Spotlight: PhD student Lara Deek

Favorite things about the CS Department

One of my favorite things about the CS department is its commitment to quality research. NRC in 2010 ranked us among the top 10 graduate CS programs in the US, reflecting the passion of our researchers. What I also value about our department is what happens behind the scenes with the people, making the department an even more exciting and fulfilling place to be. The people in the department, from grad students to staff to faculty, have cultivated a warm and social atmosphere. Three of our main events are the fall and spring barbecues at the beach and a Christmas party. We all get together, meet the new students, have fun with the people we already know, and just have a good time. That is how we are in the department: we are a niche of friends. There is no hierarchy. An excellent setting to be productive and to challenge yourself.

Favorite things about UCSB

What I value the most about being at UCSB is that it allows me to maintain and cultivate a very balanced lifestyle. I feel the UCSB culture fosters a healthy attitude towards academics and personal life. The University has excellent extracurricular programs to take advantage of, such as the Arts and Lectures Program, the Adventure Program, and many others. There is a lot that you can do at UCSB, and the fact that the school is in a beautiful setting like Santa Barbara is a key component.

Favorite things about Santa Barbara

There are many things that I love about Santa Barbara. I love the weather that allows me to go outside any day of the year. Outdoor activities are plenty and close by: hiking, ultimate frisbee, kayaking, beach volleyball, surfing, running, or just tanning! There is also a lot going on in Santa Barbara. Eventually I figured out how to keep track of all the local events by browsing the local newspapers. I love that SB is a safe place where I feel comfortable going out with friends and enjoying what Santa Barbara has to offer.

What do you find rewarding about your research?

In a nutshell, being able to choose the topics that I am excited to work on is what makes my research rewarding. Since my research interests focus on emerging wireless networks, I know that the next thing I will work on is the next-generation technology in the wireless world that has considerable potential to give us higher data rates and a better user experience.  Achieving the full potential of these technologies is challenging and requires a fundamental understanding of how these technologies work and how best to exploit their bandwidth capacity. I use my knowledge base and expertise to design solutions to take full advantage of that potential. Over the past decade, we have seen wireless networks gain considerable momentum over wired connections to become the primary mode of communication and Internet connectivity. The availability of wireless networks has had an impact in a number of disciplines within and beyond computer science, leading to novel technologies and relevant research directions.  Google Glass, for example, has had profound impact on society, enabled through wireless connectivity. It is exciting how the world is becoming more connected through wireless networks, how interactions and events are becoming more real-time, and what opportunities that affords us.  I get to work on solutions to make these networks more efficient, reliable, and robust. That is very rewarding.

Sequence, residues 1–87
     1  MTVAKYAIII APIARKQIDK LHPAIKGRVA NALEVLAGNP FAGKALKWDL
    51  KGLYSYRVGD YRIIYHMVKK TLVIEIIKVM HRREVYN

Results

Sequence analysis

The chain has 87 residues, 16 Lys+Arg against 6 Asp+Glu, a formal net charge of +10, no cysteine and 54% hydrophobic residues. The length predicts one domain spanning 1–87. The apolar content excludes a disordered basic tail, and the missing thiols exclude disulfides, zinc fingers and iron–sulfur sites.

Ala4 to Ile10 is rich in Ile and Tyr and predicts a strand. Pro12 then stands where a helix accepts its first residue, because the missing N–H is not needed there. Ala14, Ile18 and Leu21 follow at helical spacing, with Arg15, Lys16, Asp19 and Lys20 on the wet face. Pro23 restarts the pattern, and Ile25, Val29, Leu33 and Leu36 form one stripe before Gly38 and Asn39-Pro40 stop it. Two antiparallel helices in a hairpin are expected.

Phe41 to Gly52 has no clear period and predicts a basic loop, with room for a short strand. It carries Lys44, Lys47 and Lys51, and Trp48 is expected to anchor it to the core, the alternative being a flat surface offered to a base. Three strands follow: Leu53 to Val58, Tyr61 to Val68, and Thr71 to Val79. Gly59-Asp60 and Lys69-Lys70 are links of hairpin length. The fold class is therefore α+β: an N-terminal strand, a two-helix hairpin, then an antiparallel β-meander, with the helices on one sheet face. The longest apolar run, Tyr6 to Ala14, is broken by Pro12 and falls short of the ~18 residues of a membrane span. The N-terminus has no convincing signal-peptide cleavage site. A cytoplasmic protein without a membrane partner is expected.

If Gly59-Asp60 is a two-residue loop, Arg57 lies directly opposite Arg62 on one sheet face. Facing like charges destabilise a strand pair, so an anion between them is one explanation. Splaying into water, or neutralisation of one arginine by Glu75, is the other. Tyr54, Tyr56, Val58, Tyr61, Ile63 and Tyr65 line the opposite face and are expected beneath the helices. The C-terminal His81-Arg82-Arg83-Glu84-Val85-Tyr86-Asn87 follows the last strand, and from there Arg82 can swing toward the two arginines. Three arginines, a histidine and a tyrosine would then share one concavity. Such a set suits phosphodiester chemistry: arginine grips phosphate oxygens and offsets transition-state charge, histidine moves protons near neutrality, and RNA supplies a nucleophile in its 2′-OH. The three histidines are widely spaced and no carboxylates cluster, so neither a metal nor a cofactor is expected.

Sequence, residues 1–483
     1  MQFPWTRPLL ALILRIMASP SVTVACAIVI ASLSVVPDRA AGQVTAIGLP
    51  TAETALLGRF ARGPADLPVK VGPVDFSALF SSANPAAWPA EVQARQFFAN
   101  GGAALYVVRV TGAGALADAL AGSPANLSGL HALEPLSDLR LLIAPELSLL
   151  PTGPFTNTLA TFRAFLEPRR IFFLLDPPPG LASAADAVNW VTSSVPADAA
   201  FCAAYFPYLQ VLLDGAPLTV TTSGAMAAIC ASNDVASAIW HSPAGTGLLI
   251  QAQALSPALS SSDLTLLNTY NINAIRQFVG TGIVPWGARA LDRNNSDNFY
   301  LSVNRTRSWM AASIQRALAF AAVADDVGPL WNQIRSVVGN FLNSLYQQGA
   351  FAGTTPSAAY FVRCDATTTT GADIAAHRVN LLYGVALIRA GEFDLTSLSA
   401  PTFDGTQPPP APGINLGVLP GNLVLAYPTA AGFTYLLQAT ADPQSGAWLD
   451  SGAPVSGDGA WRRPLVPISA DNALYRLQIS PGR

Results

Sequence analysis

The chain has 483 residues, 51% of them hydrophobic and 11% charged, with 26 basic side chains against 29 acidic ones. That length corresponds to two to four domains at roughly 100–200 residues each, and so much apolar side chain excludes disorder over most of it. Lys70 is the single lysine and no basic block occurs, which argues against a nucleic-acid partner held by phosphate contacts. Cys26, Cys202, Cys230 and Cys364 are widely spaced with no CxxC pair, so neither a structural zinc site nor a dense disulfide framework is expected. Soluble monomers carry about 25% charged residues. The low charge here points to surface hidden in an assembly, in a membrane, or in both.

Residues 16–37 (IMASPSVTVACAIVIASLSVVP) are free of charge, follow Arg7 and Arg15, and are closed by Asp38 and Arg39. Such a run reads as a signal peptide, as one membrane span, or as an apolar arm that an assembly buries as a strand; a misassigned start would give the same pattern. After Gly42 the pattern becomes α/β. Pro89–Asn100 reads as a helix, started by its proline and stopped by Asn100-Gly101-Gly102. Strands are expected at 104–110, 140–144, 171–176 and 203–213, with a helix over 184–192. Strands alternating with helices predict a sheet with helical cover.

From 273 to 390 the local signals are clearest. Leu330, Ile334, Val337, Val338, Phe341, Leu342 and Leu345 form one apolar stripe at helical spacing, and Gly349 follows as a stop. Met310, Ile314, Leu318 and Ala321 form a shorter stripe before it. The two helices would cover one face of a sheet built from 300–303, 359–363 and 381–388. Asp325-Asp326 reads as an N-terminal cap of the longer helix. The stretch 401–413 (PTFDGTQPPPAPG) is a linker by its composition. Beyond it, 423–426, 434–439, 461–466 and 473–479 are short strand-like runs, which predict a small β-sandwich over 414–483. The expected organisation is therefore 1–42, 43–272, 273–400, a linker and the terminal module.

UCSB prides itself on its collaborative atmosphere; give some examples of how you collaborate

One of the examples that I think exemplifies a collaborative atmosphere at UCSB that I have consistently participated in and contributed to is the Graduate Student Workshop in Computing (GSWC). I took on the responsibility of Chair of the workshop, and previously the Vice Chair and Proceedings Chair. GSWC is organized by and for graduate students in the CS department in order to showcase their research. We now also invite academic and industry speakers, as well as a panel of industry experts to discuss hot topics in the field of computer science. Over the years, GSWC has grown to become a highly-successful program with high attendance, through dedicated collaboration and commitment to excellence from all of its participants.  In my own research, I have worked with multiple faculty and researchers both from the department, in industry (through internships with Hewlett Packard Labs and Microsoft Research), and other universities. I have learned a tremendous amount through my collaborations with post-docs and notable researchers in my area. There is much to be gained from true collaborative work, including gaining knowledge and experience, and establishing good connections.

What are your thoughts on working in a group research environment and your experience working with an advisor?